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PowerShell Basics: Programming With Loops

In this PowerShell tutorial we show you how to use the For loop, ForEach-Object loop, and the While, Do-While and Do-Until loops.

PowerShell loops, at their most basic, simply repeat the same set of commands a set number of times. Ideal for performing consistent actions for a set period of time or a certain number of records, loops can simplify your scripts in a big way. PowerShell in particular features a number of cmdlets -- notably those that begin with the verb Get -- which return objects containing large numbers of similar data.

There are several types of loops available in PowerShell, and in many cases more than one loop technique can be used effectively. At times determining the most efficient loop type is required, either from a performance or code readability perspective.

ForEach-Object Loop

In many cases using the ForEach-Object cmdlet (previously discussed in our article on working with PowerShell objects) is the best way to loop through an object. At it's most simple, ForEach-Object requires only an object to be looped through and a script block containing the commands to be performed on each member of the object.

These parameters can be specified either by the -InputObject and -Process parameter names, or by piping the object to the ForEach-Object cmdlet and placing the script block as the first parameter. To illustrate this basic syntax the following example shows two methods of using ForEach-Object to loop through the contents of a user's Documents folder:

$myDocuments = Get-ChildItem $env:USERPROFILEDocuments -File $myDocuments | ForEach-Object {$_.FullName} ForEach-Object -InputObject $myDocuments -Process {$_.FullName}

In certain scenarios it may be beneficial to perform one or more actions just before or just after the loop is performed. The -Begin and -End parameters can be used to define script blocks to execute just before or after the contents of the -Process script block. This can be used to set or modify a variable before or after execution of the loop.

ForEach-Object has two aliases, ForEach and %, and also supports shorthand syntax beginning in PowerShell 3.0. The following three examples are identical in function.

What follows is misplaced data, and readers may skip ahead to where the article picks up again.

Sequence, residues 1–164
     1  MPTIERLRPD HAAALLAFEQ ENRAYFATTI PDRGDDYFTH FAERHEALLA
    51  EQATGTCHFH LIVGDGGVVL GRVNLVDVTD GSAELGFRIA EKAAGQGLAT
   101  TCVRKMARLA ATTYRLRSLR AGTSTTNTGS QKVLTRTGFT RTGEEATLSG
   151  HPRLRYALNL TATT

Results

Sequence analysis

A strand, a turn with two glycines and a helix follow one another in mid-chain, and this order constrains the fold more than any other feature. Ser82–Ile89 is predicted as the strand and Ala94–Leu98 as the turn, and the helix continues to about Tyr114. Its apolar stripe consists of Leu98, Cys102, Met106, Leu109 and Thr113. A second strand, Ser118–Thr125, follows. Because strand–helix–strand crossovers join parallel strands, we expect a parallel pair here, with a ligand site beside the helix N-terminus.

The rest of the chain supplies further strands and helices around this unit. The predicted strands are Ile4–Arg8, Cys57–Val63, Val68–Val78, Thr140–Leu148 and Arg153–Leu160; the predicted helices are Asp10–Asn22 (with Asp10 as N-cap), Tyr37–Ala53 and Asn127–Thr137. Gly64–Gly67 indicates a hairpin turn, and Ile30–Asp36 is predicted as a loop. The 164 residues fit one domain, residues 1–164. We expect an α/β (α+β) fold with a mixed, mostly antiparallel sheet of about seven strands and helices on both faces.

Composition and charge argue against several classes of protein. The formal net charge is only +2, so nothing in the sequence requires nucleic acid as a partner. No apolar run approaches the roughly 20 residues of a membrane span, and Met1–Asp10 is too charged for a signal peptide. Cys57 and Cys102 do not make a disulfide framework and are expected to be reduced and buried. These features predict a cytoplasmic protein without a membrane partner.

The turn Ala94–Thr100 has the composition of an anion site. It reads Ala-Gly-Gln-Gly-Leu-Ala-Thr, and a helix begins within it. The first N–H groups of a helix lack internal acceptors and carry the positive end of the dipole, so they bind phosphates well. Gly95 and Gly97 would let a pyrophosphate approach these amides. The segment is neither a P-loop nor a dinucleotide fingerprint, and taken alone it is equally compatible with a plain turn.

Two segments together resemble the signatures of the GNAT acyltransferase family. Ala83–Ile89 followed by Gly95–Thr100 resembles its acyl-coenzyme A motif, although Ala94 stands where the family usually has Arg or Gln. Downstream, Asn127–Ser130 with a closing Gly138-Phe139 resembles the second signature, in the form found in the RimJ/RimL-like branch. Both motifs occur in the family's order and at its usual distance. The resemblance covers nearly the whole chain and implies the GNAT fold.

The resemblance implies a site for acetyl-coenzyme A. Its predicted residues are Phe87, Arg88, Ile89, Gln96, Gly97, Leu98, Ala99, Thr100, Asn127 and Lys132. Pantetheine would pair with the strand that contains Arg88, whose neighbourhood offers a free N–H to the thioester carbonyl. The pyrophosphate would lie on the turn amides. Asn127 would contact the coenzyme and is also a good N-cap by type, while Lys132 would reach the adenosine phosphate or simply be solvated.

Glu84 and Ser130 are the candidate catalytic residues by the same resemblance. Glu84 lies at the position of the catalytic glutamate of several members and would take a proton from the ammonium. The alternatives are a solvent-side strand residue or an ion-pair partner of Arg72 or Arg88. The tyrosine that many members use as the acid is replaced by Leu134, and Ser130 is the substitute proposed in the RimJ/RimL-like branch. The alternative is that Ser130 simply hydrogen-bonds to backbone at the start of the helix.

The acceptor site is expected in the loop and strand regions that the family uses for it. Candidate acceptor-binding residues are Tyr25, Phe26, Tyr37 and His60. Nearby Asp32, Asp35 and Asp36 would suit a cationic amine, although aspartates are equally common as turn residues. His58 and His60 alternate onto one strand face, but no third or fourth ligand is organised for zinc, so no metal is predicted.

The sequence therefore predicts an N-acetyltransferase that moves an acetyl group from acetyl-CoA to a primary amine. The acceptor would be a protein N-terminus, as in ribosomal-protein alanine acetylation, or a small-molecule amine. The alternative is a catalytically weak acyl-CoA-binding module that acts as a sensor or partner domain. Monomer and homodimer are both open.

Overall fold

Get-WMIObject Win32_LogicalDisk | ForEach-Object {$_.FreeSpace} Get-WMIObject Win32_LogicalDisk | ForEach {$_.FreeSpace} Get-WMIObject Win32_LogicalDisk | % FreeSpace

PowerShell For Loop

For loops are typically used to iterate through a set of commands a specified number of times, either to step through an array or object, or just to repeat the same block of code as needed. A For loop is constructed by setting the value of a variable when entering the loop, the condition on which the loop should be terminated, and an action to be performed against that variable each time through the loop.

The following example shows a basic For loop used to create a multiplication table:

For ($i=0; $i -le 10; $i++) { "10 * $i = " + (10 * $i) }

For loops can be used to step through array values by setting the initial value to the initial index of the array and incrementally increasing the value until the array length is met. The array index is specified by placing the incremented variable inside square brackets immediately following the variable name, as shown in the following example:

$colors = @("Red","Orange","Yellow","Green","Blue","Indigo","Violet") For ($i=0; $i -lt $colors.Length; $i++) { $colors[$i] }

While, Do-While, and Do-Until Loops

A third type of loop that PowerShell supports involves setting a condition which either allows the loop to process as long as the condition is true or until it is met. While and Do-While loops are both used to perform an action while the condition evaluates to $true, and differ only in their syntax. Do-Until loops have similar syntax to Do-While, but stop processing once the condition statement is met.

Do-While and Do-Until loops both begin with the Do keyword prefacing a script block, followed by the condition keyword (While or Until) and the condition. As an example the following two loops function identically, only the condition is reversed:

$i=1 Do { $i $i++ } While ($i -le 10)$i=1 Do { $i $i++ } Until ($i -gt 10)

While loops perform identically to Do-While loops, only the syntax is altered slightly. While loops use only the While keyword, followed by the condition, and finally the script block. This loop is identical in function to the preceding examples, and uses the same condition as the Do-While loop:

$i=1 While ($i -le 10) { $i $i++ }

Any of these three loop types -- Do-While, Do-Until, and While loops -- can also be used to loop indefinitely; While and Do-While loops with the condition set to $true and Do-Until with the condition set to $false.

In some situations you may need to exit a loop early based on something other than the loops condition. In this case the Break keyword can be invoked in order to exit out of the loop. This final example shows the same functionality, but uses an infinite loop and the Break keyword to exit out at the appropriate time:

$i=1 While ($true) { $i $i++ if ($i -gt 10) { Break } }